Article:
Bloomberg’s wrong on stop and frisk, DA candidate claims

May 1, 2013 By Paula Katinas Brooklyn Daily Eagle
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Brooklyn District Attorney candidate Ken Thompson charged that Michael Bloomberg is dead wrong on the issue of stop and frisk and said the mayor should stop police from employing the controversial procedure.

Thompson, 46, a former federal prosecutor hoping to unseat Brooklyn DA Charles Hynes in the Democratic Party primary in September, accused the mayor of “stubbornly defending stop and frisk abuses” committed by cops on the streets of the city.

The policy, in which cops stop and search individuals they deem suspicious, is unfairly pitting communities against law enforcement, according to Thompson.

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Statistics released by the New York Police Department in 2012 showed that the vast majority of those who undergo the stop and frisk procedure are minority members, Forbes reported.

“As the father of a young son growing up in this city, the abuse and misuse of stop and frisk is not just an academic exercise to me, but something that is all too real. It’s time for new leadership to reform these practices for the sake of all our children, and make our streets both safer and stronger,” said Thompson, a Clinton Hill resident.

Thompson was reacting to a speech Bloomberg delivered to NYPD brass at One Police Plaza on April 30 in which the mayor vigorously defended the stop and frisk policy.

Bloomberg charged that the NYPD has come under attack. “And yet even with that incredible record in reducing crime, saving lives, and making neighborhoods far safer – while at the same time reducing incarceration, and reducing police shootings – it’s hard to believe, but the NYPD is under attack, probably because this is an election year,” he said, alluding to the race for mayor.

“The attacks most often come from those who play no constructive role in keeping our city safe, but rather view their jobs as pointing fingers from the steps of City Hall. Some of them scream that they know better than you how to run the department. Some have even sued the NYPD and demanded a federal monitor over NYPD operations. They’ve also drafted politically driven legislation that is a reaction to two NYPD practices: stop-question-frisk, and counterterrorism intelligence gathering. In both cases, opponents argue that the NYPD is targeting people because of their race or ethnicity. In both cases, they could not be more wrong,” the mayor said.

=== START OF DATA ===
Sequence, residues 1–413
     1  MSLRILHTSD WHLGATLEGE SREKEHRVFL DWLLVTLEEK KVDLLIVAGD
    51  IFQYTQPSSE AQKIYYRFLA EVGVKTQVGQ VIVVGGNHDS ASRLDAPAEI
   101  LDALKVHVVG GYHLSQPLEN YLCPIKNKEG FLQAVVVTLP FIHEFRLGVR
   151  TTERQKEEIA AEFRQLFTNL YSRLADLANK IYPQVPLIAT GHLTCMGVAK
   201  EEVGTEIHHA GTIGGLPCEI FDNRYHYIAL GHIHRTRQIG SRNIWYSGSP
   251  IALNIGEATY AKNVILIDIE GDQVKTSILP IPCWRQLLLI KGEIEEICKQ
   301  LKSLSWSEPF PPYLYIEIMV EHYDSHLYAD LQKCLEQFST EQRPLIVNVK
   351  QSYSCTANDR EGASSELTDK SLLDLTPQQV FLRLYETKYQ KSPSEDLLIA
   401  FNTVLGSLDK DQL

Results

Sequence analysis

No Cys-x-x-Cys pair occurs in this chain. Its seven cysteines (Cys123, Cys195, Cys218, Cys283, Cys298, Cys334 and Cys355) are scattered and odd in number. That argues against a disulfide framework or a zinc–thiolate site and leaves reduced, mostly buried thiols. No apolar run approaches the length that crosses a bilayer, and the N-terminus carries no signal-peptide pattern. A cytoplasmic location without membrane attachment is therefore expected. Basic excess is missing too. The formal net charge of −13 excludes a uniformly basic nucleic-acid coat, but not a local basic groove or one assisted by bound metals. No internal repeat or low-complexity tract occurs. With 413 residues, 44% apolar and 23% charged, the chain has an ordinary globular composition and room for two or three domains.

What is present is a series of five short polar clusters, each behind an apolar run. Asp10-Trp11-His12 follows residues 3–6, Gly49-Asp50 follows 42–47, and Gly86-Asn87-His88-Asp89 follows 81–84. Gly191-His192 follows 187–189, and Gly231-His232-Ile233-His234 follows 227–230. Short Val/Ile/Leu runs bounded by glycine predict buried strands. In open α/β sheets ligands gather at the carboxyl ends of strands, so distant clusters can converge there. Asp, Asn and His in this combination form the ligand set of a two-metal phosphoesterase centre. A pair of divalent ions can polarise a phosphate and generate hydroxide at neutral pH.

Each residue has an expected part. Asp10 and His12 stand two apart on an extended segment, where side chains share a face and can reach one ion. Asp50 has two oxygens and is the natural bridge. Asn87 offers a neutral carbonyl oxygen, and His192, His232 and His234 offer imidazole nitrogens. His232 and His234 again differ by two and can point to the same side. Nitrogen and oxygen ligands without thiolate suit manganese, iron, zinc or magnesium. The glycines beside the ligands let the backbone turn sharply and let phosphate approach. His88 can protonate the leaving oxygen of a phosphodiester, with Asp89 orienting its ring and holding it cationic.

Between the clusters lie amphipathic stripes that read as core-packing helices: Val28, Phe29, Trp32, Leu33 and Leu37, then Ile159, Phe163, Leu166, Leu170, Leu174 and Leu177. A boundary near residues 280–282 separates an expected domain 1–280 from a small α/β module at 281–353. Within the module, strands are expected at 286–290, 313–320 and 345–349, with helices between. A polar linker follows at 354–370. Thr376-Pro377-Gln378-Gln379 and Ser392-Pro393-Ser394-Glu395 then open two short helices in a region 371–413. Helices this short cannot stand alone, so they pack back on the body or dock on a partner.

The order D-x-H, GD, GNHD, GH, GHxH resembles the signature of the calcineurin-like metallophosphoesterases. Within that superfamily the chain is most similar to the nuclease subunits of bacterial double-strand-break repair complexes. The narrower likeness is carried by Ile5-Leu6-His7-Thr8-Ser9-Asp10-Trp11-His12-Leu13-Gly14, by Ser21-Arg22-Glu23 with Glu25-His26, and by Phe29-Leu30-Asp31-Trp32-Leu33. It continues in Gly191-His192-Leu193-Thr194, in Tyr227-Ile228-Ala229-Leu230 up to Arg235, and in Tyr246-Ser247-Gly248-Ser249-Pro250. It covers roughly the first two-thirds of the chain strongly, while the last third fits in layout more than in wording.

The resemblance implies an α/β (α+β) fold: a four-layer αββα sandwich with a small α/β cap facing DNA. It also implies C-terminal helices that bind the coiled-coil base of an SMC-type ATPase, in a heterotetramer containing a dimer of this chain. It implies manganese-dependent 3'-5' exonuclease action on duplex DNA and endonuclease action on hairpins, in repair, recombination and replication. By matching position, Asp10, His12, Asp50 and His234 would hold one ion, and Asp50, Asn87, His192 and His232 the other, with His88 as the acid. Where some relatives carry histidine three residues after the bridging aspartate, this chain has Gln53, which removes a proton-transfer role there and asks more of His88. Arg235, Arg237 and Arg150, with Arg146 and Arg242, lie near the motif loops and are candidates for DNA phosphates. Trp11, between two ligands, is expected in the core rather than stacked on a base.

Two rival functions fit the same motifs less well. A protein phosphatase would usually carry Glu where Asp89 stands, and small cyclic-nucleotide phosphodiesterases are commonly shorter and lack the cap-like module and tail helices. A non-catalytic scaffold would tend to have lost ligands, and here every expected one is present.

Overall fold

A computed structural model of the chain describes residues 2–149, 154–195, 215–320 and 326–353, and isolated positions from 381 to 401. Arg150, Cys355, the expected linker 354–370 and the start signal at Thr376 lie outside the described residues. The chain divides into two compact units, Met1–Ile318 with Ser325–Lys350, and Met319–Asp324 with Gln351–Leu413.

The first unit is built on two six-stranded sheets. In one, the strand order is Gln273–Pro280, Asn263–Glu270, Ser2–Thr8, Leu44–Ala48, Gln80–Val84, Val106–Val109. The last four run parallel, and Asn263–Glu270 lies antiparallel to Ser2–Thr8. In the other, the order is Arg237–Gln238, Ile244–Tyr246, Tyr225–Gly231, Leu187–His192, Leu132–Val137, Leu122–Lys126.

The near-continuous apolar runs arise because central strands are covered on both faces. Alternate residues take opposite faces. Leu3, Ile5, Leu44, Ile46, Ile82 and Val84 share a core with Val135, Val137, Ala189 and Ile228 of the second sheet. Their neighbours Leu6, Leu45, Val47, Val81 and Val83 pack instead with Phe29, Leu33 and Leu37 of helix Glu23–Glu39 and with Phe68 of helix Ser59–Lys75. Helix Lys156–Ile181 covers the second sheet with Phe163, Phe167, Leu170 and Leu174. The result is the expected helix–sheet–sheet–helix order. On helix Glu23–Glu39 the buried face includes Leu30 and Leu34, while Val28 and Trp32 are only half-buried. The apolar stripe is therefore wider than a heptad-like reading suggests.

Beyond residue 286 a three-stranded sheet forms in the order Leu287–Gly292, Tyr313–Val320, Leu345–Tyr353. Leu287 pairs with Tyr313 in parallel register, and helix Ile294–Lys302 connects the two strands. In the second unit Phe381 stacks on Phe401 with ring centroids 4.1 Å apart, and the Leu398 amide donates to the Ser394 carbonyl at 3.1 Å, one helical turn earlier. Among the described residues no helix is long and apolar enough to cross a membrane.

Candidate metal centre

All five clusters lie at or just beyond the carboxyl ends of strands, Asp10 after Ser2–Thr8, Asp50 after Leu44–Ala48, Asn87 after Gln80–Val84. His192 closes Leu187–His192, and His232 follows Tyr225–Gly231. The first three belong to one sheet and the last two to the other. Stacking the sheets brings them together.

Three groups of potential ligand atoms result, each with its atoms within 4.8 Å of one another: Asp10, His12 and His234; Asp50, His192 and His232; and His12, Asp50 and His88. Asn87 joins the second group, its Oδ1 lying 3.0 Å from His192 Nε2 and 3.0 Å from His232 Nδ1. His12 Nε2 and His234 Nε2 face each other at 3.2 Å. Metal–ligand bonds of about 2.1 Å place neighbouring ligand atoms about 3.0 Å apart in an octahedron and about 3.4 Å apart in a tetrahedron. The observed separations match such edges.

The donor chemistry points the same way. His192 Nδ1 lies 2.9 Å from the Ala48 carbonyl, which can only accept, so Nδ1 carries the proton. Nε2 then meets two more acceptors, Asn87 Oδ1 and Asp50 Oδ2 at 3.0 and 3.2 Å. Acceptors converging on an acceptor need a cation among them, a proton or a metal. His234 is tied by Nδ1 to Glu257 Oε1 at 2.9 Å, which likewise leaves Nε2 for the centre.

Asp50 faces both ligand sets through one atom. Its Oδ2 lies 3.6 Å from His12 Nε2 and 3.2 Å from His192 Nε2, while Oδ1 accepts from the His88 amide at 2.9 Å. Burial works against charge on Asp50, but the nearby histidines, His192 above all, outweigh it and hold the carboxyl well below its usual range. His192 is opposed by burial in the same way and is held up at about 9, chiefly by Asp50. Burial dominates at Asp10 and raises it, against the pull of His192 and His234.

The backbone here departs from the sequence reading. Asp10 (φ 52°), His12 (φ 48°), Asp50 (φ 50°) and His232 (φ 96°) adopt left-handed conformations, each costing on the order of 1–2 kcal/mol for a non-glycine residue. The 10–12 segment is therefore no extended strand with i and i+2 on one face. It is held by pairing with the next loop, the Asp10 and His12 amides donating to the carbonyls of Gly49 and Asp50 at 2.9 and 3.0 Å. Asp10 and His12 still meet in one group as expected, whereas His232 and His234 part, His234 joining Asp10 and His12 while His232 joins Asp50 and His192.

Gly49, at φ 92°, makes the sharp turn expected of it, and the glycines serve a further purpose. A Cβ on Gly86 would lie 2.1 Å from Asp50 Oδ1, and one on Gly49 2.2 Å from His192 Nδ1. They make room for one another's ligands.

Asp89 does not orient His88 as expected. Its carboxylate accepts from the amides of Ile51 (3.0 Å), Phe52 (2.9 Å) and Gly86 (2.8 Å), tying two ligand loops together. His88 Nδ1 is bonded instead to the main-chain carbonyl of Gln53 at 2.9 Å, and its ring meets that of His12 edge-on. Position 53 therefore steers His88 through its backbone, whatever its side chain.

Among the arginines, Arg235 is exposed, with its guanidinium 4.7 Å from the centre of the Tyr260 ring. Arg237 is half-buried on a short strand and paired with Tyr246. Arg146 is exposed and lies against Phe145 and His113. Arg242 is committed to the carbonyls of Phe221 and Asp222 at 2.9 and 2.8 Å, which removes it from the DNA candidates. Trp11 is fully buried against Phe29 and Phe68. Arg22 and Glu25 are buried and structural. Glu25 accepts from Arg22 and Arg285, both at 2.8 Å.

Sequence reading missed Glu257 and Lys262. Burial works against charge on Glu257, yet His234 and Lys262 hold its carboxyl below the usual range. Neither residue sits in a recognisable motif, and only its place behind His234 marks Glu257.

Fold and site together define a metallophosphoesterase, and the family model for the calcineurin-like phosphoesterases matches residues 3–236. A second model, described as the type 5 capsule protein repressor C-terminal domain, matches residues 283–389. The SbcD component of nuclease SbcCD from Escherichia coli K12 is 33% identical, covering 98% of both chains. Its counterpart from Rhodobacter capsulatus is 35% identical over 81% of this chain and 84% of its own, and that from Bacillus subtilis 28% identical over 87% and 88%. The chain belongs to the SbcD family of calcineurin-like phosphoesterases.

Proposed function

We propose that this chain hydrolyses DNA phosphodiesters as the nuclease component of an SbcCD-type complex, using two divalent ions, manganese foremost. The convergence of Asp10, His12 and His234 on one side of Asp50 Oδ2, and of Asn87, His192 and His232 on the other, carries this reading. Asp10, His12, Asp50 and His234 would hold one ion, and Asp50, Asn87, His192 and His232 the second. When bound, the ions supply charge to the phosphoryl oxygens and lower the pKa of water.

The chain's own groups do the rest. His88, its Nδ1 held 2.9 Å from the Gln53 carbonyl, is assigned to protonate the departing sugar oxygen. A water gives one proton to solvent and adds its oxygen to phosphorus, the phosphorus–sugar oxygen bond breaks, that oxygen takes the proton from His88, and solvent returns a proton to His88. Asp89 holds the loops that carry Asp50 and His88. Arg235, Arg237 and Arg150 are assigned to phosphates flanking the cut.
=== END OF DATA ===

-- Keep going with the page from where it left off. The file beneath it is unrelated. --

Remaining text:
Stop and frisk is currently being litigated in a lawsuit brought by opponents of the procedure against the city in federal court.

“As the ongoing federal court case is now demonstrating for any objective observer to see, the NYPD conducts stops based on seeing something suspicious, or witnesses’ descriptions of suspects, not on any preconceived notions, or on demographic data that would have you stopping old women as often as you stop young men,” Bloomberg said.

As a federal prosecutor, Thompson prosecuted Justin Volpe, the police officer who tortured Haitian immigrant Abner Louima in 1997. He is now a lawyer in private practice.





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